DC’s decision to cancel mid-level performer Justice League International and replace it with a new title by a high-profile creative team was understandable. The main Justice League title is a top-tier title for the publisher, and with writer Geoff Johns at the helm, Justice League of America is bound to bring in the bucks for DC as well. What surprised by about the move was the decision to launch two spinoffs from the new JLA title in the same month as the first issue (with one spinoff beating the mother title to the stands).
Writer: Jeph Loeb
Pencils: Ed McGuinness
Inks: Dexter Vines
Colors: Marte Garcia
Cover artists: McGuinness & Vines (regular)/Adi Granov, Marcos Martin, Joe Quesada/Danny Miki & Scottie Young
Editor: Stephen Wacker
Publisher: Marvel Entertainment
Price: $3.99 US
I don’t have any particular affection for the Nova concept, nor has my previous exposure to this new incarnation of the character (on the Ultimate Spider-Man cartoon) fostered a particular interest in him. But I have to admit to having a soft spot for the bombastic, basic super-hero storytelling of the creative team of Jeph Loeb and Ed McGuinness. The maturity and nuance Loeb brought to his writing more than a decade ago isn’t to be found anymore, but his latest approach has been to bring a more traditional, fun tone to the genre, which is reflected by the over-the-top, cartoony qualities of McGuinness’s style. Their performance on this latest project is certainly straightforward and capable, but it was a little underwhelming as well. This is the beginning of an origin story, and so far, I’m not invested in these characters. After reading the first issue, I found I wasn’t all that interested in seeing what comes next, nor was there much of a hook to lure me back to find out.
Avengers #4 (Marvel Entertainment)
by Jonathan Hickman & Adam Kubert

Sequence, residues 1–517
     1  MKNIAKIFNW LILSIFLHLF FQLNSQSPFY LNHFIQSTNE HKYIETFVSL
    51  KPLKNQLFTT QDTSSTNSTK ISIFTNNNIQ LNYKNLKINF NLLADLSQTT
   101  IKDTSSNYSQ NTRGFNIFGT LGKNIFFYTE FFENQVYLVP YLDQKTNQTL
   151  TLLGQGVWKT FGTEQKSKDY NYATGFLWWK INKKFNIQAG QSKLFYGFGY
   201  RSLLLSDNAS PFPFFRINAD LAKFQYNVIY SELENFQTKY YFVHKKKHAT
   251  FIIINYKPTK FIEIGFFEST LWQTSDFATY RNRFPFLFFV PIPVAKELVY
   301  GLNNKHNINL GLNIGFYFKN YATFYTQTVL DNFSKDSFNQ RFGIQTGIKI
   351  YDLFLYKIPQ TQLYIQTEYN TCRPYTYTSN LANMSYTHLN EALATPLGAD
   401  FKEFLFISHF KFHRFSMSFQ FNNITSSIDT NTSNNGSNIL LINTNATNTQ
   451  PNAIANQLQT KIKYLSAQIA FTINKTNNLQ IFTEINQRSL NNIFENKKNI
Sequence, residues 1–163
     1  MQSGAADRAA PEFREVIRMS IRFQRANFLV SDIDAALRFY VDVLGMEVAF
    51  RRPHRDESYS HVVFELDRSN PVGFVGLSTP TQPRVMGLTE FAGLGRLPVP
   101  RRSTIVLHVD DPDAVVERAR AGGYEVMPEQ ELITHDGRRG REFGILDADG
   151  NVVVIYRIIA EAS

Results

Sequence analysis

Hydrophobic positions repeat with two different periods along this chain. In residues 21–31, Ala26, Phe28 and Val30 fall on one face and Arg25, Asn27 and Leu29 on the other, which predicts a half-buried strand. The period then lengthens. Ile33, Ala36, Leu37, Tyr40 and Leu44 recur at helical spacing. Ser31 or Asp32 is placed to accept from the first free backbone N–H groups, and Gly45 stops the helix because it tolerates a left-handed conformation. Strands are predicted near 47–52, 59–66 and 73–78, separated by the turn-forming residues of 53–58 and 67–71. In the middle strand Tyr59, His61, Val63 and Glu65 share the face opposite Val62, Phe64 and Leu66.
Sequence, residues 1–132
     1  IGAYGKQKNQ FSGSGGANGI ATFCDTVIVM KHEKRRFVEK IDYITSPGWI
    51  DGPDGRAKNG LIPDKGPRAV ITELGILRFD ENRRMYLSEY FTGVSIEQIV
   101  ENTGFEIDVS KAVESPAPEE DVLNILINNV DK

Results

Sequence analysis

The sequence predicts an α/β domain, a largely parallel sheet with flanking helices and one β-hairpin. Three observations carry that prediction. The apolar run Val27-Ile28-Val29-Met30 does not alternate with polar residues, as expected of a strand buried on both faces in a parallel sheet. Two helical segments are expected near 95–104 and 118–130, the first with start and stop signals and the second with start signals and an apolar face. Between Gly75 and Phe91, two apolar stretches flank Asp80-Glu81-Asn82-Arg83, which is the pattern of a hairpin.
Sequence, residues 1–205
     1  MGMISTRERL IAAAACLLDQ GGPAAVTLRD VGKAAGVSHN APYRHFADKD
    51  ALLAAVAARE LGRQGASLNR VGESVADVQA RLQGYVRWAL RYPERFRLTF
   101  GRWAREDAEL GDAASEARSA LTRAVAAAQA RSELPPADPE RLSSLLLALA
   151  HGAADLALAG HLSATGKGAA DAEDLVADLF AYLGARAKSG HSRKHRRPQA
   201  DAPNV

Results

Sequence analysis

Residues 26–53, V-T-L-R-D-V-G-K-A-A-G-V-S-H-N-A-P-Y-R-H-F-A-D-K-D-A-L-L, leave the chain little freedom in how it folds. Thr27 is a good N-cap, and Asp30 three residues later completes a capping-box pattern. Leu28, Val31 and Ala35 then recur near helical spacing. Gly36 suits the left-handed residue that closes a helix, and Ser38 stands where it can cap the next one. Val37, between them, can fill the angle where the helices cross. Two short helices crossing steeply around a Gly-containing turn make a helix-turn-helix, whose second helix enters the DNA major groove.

I like Jonathan Hickman’s writing. I like how it challenges the reader and approaches familiar genre subject matter in new ways. That being said, this issue — a welcome, standalone story — doesn’t quite click the way in which it was meant. I appreciate the narrower focus on Hyperion. While the character has been floating around the Marvel Universe for decades, his status today and how he came to be a member of this broader team of Avengers aren’t clear. Unfortunately, after reading this issue, I’m really not much clearer on the situation. The removed tone of the narration is meant to reflect the disconnected feel of the central character, who’s lost his own world and friends, but rather than a connection to and understanding of Hyperion, the disjointed, vague qualities of the script cause him to seem even more alien and enigmatic. I enjoyed Hickman’s portrayal of A.I.M. as a bunch of evil scientists intent on mad experimentation rather than terrorism and profit. I applaud Hickman for taking time out to focus on individual members of this new incarnation of the Avengers, but I feel he might have explored the wrong one here. At the end of the previous issue, our attention was focused on the new Captain Universe, and the plot and script in #3 certainly piqued my interest about this new character. It seems like it would’ve been a more natural progression to delve into her story now rather than Hyperion’s (it appears she may get the spotlight in #6, but it still strikes me as a couple of issues too late).